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Winner’s Circle -- Yevgeniy Timoshenko

The WPT Champion Talks About the Challenge That Comes with Tough Opponents

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Yegeniy Timoshenko -- I Always Work Out With Bricks of CashThe Winner’s Circle takes a look at the biggest wins from the tournament trail by the players who made it happen. This series will look at the big hands, toughest opponents, and paths to victory each player took in their most recent tournament win through their own eyes and words. If you ever wanted to know what it takes to win a major poker tournament, this is a good place to start.

This week features World Poker Tour Championship winner Yevgeniy Timoshenko. Card Player caught up with him in Monte Carlo a few days after his big win, and he reflected on how he won one of the biggest titles of the year at just 21 years of age.

Ryan Lucchesi: What were the main differences you noticed between the field in the tournament you just won at Bellagio and what you’re up against here at the European Poker Tour Grand Final?

Yevgeniy Timoshenko: There are a lot more satellite qualifiers in this tournament who are playing scared and really just want to make the money. They’re not all necessarily online qualifiers, but I noticed that at my day-one starting table there were a lot of inexperienced people for whom you could tell this buy-in meant a lot. They were inexperienced in a live setting, so you could pick up tells on them and play back at them a little bit to exploit them.

RL: You came into the final table at the WPT Championship with a chip lead of 13 million, and your victory was never in question among the final six. Did you have all of your opponents figured out? What led to such a dominant winning performance?

YT: I played a good amount with all of those guys earlier in the tournament, and then Christian Harder and Shannon Shorr I’ve played a lot with online, so I had a pretty good grasp of their games and what they were trying to accomplish. And ElkY, who’s an incredibly tough player, I knew he needed to finish at least fourth or better to win WPT player of the year. I knew that meant a lot for him, and that gave me an opportunity to pick on him a little bit, because I knew he would probably pass on some marginal spots to try and move up to secure fourth or better.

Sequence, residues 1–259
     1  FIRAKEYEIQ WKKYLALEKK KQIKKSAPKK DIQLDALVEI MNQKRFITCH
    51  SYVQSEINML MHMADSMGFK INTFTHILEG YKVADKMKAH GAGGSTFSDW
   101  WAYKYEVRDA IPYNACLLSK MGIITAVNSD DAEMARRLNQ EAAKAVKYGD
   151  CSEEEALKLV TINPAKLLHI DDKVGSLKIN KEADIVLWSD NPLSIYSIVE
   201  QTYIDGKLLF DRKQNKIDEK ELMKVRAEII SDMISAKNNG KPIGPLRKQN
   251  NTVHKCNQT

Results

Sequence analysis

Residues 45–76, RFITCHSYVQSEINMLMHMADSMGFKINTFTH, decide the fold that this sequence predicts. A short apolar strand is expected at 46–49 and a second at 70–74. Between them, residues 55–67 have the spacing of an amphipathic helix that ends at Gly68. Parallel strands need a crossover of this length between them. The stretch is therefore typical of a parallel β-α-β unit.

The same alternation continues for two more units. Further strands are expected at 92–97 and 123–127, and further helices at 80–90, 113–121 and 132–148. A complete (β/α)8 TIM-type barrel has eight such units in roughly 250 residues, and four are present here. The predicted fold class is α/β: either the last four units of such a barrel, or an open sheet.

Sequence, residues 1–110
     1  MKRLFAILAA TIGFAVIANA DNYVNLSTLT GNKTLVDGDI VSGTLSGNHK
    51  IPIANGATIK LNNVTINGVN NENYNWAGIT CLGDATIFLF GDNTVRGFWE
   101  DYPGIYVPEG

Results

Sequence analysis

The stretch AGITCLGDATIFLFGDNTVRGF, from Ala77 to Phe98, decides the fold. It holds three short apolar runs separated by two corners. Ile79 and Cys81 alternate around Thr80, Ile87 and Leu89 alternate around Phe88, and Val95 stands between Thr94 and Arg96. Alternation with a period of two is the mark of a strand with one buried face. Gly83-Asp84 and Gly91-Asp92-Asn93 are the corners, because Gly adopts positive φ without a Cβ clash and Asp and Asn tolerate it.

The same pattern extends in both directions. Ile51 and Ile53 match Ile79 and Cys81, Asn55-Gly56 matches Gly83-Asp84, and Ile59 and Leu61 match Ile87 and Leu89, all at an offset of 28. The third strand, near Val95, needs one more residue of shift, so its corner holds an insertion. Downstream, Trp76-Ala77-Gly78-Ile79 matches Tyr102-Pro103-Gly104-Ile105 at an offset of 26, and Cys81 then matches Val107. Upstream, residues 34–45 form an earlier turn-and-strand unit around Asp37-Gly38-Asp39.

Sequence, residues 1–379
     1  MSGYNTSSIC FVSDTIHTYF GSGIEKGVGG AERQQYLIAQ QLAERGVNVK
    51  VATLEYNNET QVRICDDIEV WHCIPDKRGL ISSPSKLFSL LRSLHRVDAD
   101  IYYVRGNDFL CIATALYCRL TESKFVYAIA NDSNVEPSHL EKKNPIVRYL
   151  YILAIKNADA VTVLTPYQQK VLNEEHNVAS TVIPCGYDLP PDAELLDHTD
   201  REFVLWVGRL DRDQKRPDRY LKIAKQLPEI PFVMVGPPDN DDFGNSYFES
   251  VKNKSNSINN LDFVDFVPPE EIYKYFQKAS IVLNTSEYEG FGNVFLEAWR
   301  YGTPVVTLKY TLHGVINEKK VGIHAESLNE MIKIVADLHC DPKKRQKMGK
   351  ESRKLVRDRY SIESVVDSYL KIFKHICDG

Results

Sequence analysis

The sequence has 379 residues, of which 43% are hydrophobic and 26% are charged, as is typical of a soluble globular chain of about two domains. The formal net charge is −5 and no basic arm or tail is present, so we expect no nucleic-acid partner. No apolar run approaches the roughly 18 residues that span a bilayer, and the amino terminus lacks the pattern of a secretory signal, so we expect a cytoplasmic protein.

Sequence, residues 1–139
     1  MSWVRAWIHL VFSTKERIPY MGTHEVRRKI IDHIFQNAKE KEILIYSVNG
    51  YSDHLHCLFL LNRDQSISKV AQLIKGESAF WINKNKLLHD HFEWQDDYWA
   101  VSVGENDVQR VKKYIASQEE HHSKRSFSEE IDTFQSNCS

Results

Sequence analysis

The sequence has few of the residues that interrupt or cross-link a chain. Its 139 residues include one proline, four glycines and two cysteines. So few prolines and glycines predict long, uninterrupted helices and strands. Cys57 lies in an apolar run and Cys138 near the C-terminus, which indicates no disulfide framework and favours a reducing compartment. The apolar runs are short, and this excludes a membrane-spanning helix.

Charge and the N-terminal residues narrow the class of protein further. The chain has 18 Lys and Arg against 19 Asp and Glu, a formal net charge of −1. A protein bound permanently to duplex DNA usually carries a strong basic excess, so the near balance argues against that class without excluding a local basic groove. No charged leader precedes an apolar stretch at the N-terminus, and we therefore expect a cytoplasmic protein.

RL: Does having so much information built up in your internal profile of these familiar players make it easier for you to play them, or does it make it even more difficult because they know you’re putting them on a certain playing style and they will then try to confuse you even further?

YT: I would have definitely preferred to play against a final table full of amateurs, even though I have a lot of history with the final table. They’re all so incredibly bright, smart players who are capable of adjusting, so it wasn’t going to be easy. Just because I know a couple of things about them doesn’t mean they weren’t going to mix it up and also use what I know to their advantage and think on the next level to play back at me.